MGMT: Little Dark Age Review

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“MGMT ARE BACK” reads a sign in the music video for “Me and Michael,” one of the singles from MGMT’s latest album, Little Dark Age. This is the fourth studio album from the band comprised of Andrew VanWyngarden and Ben Goldwasser, and it marks MGMT’s return after a four-year hiatus. From start to finish, MGMT’s latest release is captivating and meaningful. Whether or not you’re familiar with the band’s past work, Little Dark Age is an infectious mix of black comedy, unabashed quirkiness, and great pop-songwriting.

The opening track “She Works Out Too Much” addresses the pitfalls of dating in the super fast internet age. The lyrics playfully lampoon the instagram generation’s shallow obsession with swiping, tapping, and collecting likes. “I can never keep up,” laments VanWyngarden. The dancey electronic beat is punctuated by motivational phrases from a perky fitness instructor. The overblown enthusiasm of these snippets adds a sense of humor to the song. I particularly like the poppy brass and the saxophone toward the end of this track which wildly improvises around the melody.

Next is the title track, “Little Dark Age,” a brooding synthpop odyssey. The echoey quality of the heavy synthesizers and the reverb on the vocals create a moody gothic atmosphere. The lyrics further build on this feeling of dread. Certain images in the lyrics can’t be separated from the political message behind them, “Policemen swear to god / Love’s seeping from the guns / I know my friends and I / Would probably turn and run.” Although they may be somewhat cryptic, references like this to police brutality and other issues suggest there is something unsavory rooted deep within our own society, something we would rather keep hidden in the dark recesses of our mind than confront.

“When You Die” is an abrasive statement about death and what follows it. Ariel Pink has a writing credit on this track, and his fingerprints are definitely apparent in the playful cynicism of the chorus and the subverting of pop expectations. The song frequently teases a melody only to suddenly turn in another new and unexpected direction. The strange guitar part sounds like it’s moving backwards, but it works because it builds up brilliantly into the refrain which thrusts the listener into a surreal afterlife populated by a chorus of laughing voices.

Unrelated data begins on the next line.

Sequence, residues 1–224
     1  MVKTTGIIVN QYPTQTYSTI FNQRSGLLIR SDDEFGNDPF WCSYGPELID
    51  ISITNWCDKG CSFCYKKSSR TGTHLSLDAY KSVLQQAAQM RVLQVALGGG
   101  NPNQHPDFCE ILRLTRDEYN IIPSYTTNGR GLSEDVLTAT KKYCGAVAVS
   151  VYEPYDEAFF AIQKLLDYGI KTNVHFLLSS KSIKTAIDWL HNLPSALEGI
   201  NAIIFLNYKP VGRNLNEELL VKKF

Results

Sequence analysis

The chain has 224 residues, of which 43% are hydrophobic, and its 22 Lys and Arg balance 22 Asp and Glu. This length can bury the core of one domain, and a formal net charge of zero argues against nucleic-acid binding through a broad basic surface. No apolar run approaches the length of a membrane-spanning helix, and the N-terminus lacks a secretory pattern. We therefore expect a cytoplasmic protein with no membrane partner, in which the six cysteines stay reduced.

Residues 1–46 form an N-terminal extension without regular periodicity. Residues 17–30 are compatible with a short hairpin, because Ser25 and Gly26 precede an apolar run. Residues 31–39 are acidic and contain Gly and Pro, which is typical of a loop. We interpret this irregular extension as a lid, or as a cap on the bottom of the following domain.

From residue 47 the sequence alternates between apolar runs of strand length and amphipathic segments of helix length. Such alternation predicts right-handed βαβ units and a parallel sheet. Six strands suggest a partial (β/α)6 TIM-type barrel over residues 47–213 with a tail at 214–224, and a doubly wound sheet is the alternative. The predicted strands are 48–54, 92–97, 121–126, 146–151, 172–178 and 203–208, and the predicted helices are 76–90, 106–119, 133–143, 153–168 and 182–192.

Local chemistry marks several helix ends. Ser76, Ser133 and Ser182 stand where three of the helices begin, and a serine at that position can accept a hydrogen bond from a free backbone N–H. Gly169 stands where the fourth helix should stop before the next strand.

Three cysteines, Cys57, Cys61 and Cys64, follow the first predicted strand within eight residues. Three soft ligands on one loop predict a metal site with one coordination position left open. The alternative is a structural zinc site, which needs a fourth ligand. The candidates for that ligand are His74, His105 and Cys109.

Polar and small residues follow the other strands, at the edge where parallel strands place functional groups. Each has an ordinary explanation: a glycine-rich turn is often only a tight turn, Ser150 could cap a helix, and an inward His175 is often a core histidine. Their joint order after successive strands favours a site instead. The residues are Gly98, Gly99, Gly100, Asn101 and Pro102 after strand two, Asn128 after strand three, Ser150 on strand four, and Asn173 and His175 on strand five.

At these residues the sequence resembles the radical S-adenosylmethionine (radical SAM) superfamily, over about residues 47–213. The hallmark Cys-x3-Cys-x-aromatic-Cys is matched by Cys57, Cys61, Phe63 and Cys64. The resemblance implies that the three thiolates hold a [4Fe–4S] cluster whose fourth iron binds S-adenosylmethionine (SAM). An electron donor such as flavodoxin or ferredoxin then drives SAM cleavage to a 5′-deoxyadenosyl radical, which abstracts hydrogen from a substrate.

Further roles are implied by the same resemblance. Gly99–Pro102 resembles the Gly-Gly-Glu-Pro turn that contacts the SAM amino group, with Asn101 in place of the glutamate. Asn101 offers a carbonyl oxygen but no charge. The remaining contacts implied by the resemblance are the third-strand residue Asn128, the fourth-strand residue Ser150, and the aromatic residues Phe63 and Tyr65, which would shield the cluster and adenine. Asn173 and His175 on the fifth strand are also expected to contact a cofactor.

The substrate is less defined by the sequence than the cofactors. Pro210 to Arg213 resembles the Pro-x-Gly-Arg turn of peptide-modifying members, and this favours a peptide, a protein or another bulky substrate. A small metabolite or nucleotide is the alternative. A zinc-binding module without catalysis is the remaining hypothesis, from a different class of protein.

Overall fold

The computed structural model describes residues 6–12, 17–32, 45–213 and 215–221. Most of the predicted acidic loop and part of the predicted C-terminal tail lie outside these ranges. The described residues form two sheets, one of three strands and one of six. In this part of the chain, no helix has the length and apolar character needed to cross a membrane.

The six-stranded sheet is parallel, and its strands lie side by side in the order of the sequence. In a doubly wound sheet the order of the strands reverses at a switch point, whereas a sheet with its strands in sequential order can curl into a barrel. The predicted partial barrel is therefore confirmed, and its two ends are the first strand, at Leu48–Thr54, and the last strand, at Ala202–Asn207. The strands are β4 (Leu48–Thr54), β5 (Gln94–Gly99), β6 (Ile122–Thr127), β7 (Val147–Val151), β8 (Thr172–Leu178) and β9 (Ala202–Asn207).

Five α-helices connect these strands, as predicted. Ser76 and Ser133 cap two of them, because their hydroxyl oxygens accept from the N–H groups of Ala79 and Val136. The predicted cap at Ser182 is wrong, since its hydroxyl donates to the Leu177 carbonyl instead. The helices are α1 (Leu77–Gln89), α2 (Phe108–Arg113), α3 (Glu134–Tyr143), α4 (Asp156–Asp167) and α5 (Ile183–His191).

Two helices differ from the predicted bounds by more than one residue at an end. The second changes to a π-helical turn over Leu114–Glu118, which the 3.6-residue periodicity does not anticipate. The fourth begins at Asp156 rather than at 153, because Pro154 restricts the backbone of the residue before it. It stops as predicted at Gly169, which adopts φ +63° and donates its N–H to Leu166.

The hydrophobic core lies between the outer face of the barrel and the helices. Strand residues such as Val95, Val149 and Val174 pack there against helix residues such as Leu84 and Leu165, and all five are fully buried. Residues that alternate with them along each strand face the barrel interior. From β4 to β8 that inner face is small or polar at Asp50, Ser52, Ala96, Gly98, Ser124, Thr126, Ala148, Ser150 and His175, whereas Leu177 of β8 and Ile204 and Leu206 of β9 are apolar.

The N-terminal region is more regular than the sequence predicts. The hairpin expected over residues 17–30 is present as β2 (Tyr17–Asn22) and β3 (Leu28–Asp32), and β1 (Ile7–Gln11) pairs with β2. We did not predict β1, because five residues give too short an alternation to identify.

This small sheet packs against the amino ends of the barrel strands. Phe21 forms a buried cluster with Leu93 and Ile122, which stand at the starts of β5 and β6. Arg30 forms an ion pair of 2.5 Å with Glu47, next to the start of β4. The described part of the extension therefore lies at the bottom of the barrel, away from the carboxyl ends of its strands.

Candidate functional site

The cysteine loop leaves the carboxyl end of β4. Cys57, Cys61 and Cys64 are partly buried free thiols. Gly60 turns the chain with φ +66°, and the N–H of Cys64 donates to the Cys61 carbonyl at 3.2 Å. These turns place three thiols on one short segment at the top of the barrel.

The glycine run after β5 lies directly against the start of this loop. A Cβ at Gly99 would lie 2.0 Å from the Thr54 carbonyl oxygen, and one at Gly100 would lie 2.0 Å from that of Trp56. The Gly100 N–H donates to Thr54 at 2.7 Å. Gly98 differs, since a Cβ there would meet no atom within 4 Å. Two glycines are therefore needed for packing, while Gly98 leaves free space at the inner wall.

“Me and Michael” stands out as the very accessible feel-good track on the album. The pulsating keyboard, straightforward percussion, and smooth vocal inflection make this one of my favorite tracks on Little Dark Age. The subject matter is nostalgic yet vague enough that it can be about almost any friendship you’ve ever had. In terms of structure, it doesn’t pull any tricks, but it doesn’t need to. The elements of this eighties-indebted song come together beautifully, resulting in a track that has been stuck in my head since I first heard it. When that chorus finally hits, its impossible to resist singing along.

The last track, “Hand it Over,” brings closure to the album. The song revolves around abuse of power and corruption, but the delivery is apathetic as if the observer in the song is up in the clouds watching us from a removed vantage point. The song certainly floats like a gentle psychedelic pop dream. The gentle ebb and flow of the heavy synthesizer washes over the dreamy harmonies like waves, while a groovy bass line bubbles just under the surface of the melody. Eventually, the dream fades away and you are left alone with just your thoughts.
Like great art, Little Dark Age doesn’t give us answers; instead, it prompts us to search inward for our own questions and solutions. I can see myself coming back to this album in the future for its countless memorable moments, the musical intricacies that reward multiple listens, and its great production value. You could not go wrong in giving Little Dark Age a listen.